Chinook Lodge, SAIT’s aboriginal resource centre, is located near the Tim Horton’s in the Senator Burns building.
When you walk in, the first thing you’ll notice is the walls lined with different Indigenous art. The warm faces of the advisors sit throughout the room and are always willing to let you pull up a chair and talk.
Norma Gresl and Vaughan McMillan are two student advisors at the Lodge that take great pride in working with the Indigenous population on campus.
“It’s important for Indigenous students to have a space to go to,” said McMillan. “We always tell people this is your home away from home.”
The Lodge offers many programs for Indigenous students including advising, career planning, a study space, ceremonial smudging and a chance to talk with Elders to connect with more Indigenous culture. Most importantly, it provides a safe space.
Even though it is specific to Indigenous culture, the Lodge welcomes anyone wanting to learn more.
“When you come to SAIT there are so many different cultures, Indigenous [also] needs to have their own [space] as well,” said Gresl. “Its like a one-stop shop to find all the resources you need.”
As coming from a small reserve or town far away isn’t always the easiest, and a new huge city like Calgary can be intimidating, the Lodge always welcomes people coming in looking for help from all over Canada.
“I think it’s very important to provide a space like this on campus because coming to a huge urban city can be frightening in itself,” said Gresl.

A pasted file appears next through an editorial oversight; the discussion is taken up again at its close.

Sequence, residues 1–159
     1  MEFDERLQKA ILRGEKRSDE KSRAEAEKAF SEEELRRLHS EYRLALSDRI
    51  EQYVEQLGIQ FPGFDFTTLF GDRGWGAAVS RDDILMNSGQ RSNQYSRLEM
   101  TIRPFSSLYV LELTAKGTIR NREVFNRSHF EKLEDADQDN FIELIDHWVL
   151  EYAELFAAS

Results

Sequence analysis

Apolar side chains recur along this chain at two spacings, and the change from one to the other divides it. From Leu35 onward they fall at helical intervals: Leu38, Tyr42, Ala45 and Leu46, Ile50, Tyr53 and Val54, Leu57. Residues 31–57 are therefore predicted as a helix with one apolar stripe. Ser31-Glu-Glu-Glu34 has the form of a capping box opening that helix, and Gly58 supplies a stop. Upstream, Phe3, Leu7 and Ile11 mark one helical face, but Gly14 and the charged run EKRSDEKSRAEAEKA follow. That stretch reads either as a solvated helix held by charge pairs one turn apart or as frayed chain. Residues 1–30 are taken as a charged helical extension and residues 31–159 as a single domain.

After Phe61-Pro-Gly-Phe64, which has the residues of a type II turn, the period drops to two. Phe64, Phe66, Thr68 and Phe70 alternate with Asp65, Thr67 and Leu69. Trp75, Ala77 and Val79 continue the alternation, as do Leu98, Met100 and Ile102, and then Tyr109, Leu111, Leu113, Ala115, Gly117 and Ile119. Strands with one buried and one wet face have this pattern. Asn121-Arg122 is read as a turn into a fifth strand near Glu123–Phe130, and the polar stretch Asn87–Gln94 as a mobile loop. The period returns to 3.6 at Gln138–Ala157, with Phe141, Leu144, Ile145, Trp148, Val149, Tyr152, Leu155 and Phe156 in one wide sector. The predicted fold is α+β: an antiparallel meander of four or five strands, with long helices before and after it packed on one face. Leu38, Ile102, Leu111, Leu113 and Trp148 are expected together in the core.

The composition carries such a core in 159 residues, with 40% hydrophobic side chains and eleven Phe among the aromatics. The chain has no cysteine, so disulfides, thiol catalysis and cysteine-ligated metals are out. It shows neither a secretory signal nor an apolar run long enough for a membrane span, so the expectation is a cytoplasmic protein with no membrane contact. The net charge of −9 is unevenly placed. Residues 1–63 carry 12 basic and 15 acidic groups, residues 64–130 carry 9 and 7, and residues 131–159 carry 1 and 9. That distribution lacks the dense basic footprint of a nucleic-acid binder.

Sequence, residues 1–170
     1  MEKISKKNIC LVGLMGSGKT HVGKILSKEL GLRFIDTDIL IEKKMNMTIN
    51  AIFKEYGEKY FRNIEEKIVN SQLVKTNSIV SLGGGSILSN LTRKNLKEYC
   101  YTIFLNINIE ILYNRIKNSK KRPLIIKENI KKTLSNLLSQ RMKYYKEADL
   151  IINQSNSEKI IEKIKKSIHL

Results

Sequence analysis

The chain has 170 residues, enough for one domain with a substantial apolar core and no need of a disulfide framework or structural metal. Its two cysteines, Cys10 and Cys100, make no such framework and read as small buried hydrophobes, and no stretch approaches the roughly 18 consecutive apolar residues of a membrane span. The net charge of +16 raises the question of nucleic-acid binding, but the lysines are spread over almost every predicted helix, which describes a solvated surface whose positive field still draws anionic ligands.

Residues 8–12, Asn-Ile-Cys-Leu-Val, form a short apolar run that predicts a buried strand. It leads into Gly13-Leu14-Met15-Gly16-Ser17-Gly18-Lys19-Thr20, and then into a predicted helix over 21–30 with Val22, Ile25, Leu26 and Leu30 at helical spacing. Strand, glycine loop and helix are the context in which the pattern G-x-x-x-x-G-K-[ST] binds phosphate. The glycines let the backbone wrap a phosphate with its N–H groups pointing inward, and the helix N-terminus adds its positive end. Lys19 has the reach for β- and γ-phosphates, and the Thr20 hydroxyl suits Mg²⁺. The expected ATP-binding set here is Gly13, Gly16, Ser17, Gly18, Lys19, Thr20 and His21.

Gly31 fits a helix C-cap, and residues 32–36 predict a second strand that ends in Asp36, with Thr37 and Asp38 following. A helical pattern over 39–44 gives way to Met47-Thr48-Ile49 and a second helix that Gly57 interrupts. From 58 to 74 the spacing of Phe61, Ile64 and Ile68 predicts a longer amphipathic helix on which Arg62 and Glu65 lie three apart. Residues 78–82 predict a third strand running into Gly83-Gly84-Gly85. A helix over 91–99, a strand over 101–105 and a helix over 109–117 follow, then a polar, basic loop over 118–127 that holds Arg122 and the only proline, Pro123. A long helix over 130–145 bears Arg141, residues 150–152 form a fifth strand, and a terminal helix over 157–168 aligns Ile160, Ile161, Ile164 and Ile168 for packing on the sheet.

“Then coming to an institution bigger than their high school, sometimes students can get lost and feel homesick.”
Being a part of something where one can find their place in a huge new world is crucial to staying in that setting.
All Indigenous groups have gone through extremely harsh times, and making sure the culture of the First Nations of Canada is held on to is something very important to the advisors at the Lodge.
“It’s very important to hold on to our culture because a lot of Indigenous cultures are dying,” said Gresl.
We are losing a lot of the language, so we promote having a cultural identity a lot in here. – Norma Gresl
The Lodge does a lot of cultural awareness sessions on campus with staff and students, which is vital to raise awareness to the general public about who Indigenous people are.
“With everything that’s happened in the last 100 years, we have sort of lost who we are,” said Gresl.
“I think we are just trying to find ourselves again, and as we find ourselves we want to express to the world this is who we are.”